x:Name="ButtonsSP"
                    Visibility="Collapsed">
            <Button Content="Clear"
                    Margin="10,10"
                    Width="100"
                    Click="Clear_OnClick"></Button>
            <Button Content="Save"
                    Width="100"
                    Click="Save_OnClick">
            </Button>
        </StackPanel>
        <TextBlock Text="Processing..."
                   Visibility="Visible"
                   x:Name="ProcessingLabel"></TextBlock>
        <InkPresenter Width="640"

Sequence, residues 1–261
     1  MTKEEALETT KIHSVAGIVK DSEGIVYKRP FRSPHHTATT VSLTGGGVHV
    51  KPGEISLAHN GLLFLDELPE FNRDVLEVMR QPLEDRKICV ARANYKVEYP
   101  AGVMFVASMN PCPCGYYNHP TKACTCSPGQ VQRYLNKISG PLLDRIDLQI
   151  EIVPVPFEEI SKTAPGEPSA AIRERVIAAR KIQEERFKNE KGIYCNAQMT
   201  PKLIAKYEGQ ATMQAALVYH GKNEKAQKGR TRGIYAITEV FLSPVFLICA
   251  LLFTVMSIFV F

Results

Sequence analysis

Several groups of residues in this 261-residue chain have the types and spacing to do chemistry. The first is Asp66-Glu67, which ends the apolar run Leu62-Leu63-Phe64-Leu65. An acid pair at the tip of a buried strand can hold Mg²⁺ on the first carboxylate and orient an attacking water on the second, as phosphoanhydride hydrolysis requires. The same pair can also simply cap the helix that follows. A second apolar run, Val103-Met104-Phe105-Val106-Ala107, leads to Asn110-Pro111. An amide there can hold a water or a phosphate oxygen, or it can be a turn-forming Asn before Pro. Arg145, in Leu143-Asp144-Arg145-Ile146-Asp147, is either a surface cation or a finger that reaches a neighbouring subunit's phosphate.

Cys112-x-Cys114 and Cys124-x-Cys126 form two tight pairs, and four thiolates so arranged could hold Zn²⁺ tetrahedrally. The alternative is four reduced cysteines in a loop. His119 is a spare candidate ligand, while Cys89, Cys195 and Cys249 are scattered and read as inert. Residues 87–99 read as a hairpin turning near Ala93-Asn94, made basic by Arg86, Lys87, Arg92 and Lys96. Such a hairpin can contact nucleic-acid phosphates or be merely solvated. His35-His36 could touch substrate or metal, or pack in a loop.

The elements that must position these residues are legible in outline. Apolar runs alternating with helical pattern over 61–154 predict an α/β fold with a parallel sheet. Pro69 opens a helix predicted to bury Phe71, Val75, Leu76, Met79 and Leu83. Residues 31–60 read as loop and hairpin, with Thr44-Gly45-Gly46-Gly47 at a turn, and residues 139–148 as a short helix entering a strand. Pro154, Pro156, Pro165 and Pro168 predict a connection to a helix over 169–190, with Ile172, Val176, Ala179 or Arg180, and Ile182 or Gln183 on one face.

Height="480"
                      MouseLeftButtonDown="TheInkPresenter_MouseLeftButtonDown"
                      LostMouseCapture="TheInkPresenter_LostMouseCapture"
                      MouseMove="TheInkPresenter_MouseMove"
                      x:Name="TheInkPresenter"
                      Grid.Column="1">
            <InkPresenter.Background>
                <VideoBrush x:Name="CameraBrush"></VideoBrush>
            </InkPresenter.Background>
        </InkPresenter>
    </Grid>

</phone:PhoneApplicationPage>

 

So I have two columns. One with the buttons Clear and Save and the other with an InkPresenter that has a video brush. I will stream camera feed to this brush. I will not explain how the InkPresenter is drawing the strokes, it is not the purpose of this article and it is explained in the InkPresenter link above.

 

First, when the page is loaded, we initialize the camera and redirect the feed to the InkPresenter videobrush background :